While Catholic Social Teaching is but one example of Christian reflection on these issues, I have decided to draw from John Paul II for several reasons: his writing are deeply rooted in Scripture and the overall Christian tradition that is accepted by most serious Christians, his role as leader of the Catholic Church gave him a certain stature and authority even among non-Catholic Christians who may disagree on various doctrinal approaches, and finally because his analysis of work and business are perhaps the most recent systematic reflection by a world-regarded Christian authority.
The Christian tradition views business as a manifestation of a natural right of persons to form an association to achieve some common end. John Paul II sees business as a type of what Tocqueville called an ‘intermediary institution’ or what is commonly called civil society. In business, man has the opportunity to live out his freedom and responsibility and to take care of himself and his family while also serving society. It is important to note that the importance of profit is not denied. ‘The Church acknowledges the legitimate role of profit as an indication that a business is functioning well. When a firm makes a profit, this means that productive factors have been properly employed and corresponding human needs have been duly satisfied’ (John Paul II 1991, 35, italics in original). But it is also emphasized that profit cannot be the only regulator. The fact that one can make a profit from a particular endeavor does not by itself provide sufficient moral legitimacy, nor do decreasing profit margins always justify the laying off of workers or moving a factory. For example, the fact that one can make a profit by selling pornography in no way justifies engaging in such business.
While profit is a legitimate and important factor it is not the sole factor in making business decisions. This is precisely because a business is more than just a profit-making venture; it is a ‘community of persons’. John Paul II’s discussion of profit and business is one element of his analysis of the market economy in general. He recognizes the value of the market economy but rejects a libertarian view which would idolize choice as the determining factor. A market can produce and distribute goods and services more efficiently and equitably than any other economic system but efficiency and equality are only certain values among others and must be measured within the context of the human person and the backdrop of basic moral goods.
All of this can be summed up by repeating once more that economic freedom is only one element of human freedom. When it becomes autonomous, when man is seen more as a producer or consumer of goods than as a subject who produces and consumes in order to live, then economic freedom loses its necessary relationship to the human person and ends up by alienating and oppressing him (John Paul II 1991, 39).
This vision of rooting economic freedom in human freedom and the nature of the person is reiterated when he asks whether capitalism is the model that developing countries should adopt. He says that if capitalism means ‘an economic system which recognizes the fundamental and positive role of business, the market, private property…as well as free human creativity in the economic sector’ then the answer is yes; though importantly, he notes it would be more accurate to call this a ‘business economy’, ‘market economy’ or ‘free economy’. On the other hand, if capitalism means a system in which freedom in the economic sector is not placed ‘at the service of human freedom in its totality, and which sees it as a particular aspect of that freedom, the core of which is ethical and religious, then the reply is certainly negative’ (John Paul II 1991, 42).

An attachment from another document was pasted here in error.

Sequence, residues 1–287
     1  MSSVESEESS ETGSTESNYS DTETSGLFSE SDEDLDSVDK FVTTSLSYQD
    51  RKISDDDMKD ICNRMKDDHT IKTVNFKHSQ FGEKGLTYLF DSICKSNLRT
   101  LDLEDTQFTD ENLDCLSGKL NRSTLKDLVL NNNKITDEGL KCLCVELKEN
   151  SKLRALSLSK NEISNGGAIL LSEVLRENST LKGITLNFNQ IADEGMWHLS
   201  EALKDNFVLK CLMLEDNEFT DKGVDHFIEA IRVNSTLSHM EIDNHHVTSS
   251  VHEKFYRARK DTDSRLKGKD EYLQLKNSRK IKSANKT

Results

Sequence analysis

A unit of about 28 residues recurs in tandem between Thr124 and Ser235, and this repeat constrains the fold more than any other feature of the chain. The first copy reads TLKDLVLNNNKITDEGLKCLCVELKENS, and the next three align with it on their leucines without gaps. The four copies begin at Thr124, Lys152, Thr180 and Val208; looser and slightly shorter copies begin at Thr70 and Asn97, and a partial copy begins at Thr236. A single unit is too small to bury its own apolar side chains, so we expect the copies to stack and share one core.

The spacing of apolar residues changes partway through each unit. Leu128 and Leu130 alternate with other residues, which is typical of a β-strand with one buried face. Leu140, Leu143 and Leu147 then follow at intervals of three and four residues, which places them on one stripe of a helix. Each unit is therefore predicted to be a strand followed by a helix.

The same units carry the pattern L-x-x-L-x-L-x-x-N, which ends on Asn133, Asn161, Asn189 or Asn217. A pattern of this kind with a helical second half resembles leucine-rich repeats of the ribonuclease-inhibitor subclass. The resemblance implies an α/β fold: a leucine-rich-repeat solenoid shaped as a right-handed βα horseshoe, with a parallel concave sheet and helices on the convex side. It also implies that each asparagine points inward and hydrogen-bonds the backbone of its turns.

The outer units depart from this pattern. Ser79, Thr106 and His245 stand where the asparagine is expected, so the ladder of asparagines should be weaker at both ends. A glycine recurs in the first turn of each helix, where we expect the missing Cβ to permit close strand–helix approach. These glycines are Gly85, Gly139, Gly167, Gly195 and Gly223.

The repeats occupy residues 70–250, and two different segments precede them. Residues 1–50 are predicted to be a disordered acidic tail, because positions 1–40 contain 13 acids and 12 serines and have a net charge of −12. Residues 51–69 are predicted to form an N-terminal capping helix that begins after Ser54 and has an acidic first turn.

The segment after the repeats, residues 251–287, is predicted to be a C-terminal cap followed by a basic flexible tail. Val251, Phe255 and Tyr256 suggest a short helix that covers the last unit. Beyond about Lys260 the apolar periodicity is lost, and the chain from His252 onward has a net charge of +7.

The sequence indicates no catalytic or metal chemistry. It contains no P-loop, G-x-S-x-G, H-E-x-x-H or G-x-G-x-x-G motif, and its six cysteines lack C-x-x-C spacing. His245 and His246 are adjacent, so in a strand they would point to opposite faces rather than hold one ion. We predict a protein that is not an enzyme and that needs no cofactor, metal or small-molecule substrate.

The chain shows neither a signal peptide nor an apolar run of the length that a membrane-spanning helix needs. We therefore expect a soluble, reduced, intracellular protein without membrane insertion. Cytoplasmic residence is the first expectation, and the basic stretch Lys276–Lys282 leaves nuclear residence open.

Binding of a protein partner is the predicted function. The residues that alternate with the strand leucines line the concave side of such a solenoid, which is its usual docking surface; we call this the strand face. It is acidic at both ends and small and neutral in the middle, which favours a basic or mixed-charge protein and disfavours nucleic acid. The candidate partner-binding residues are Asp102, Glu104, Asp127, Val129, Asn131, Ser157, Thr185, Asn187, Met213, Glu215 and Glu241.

John Paul II’s emphasis on the ‘business economy’ or ‘free economy’ is illustrative. He rejects the Marxist term of ‘capitalism’ which was focused on structures, ‘labor’ and ‘capital’ in favor of a vision of economics that is centered on the person. The focus shifts from a mechanistic vision of man where the state plans the economy to a vision of individual persons and groups meeting their own needs through creative private initiative. This creates space and freedom for businesses and other intermediary institutions thus setting the stage for a flourishing civil society.
There is a tendency when one thinks of civil society to limit it to non-governmental organizations or private charities, and to exclude business firms or corporations. Businesses, however, are examples of civil society par excellence—private, voluntary associations of persons organized toward a specific end, which also provide a means to satisfy the needs of workers. All of this is of central importance to understanding business as moral enterprise and can have profound practical implications for management and business ethics.
You can read the entire essay and others in Christian Theology and Market Economics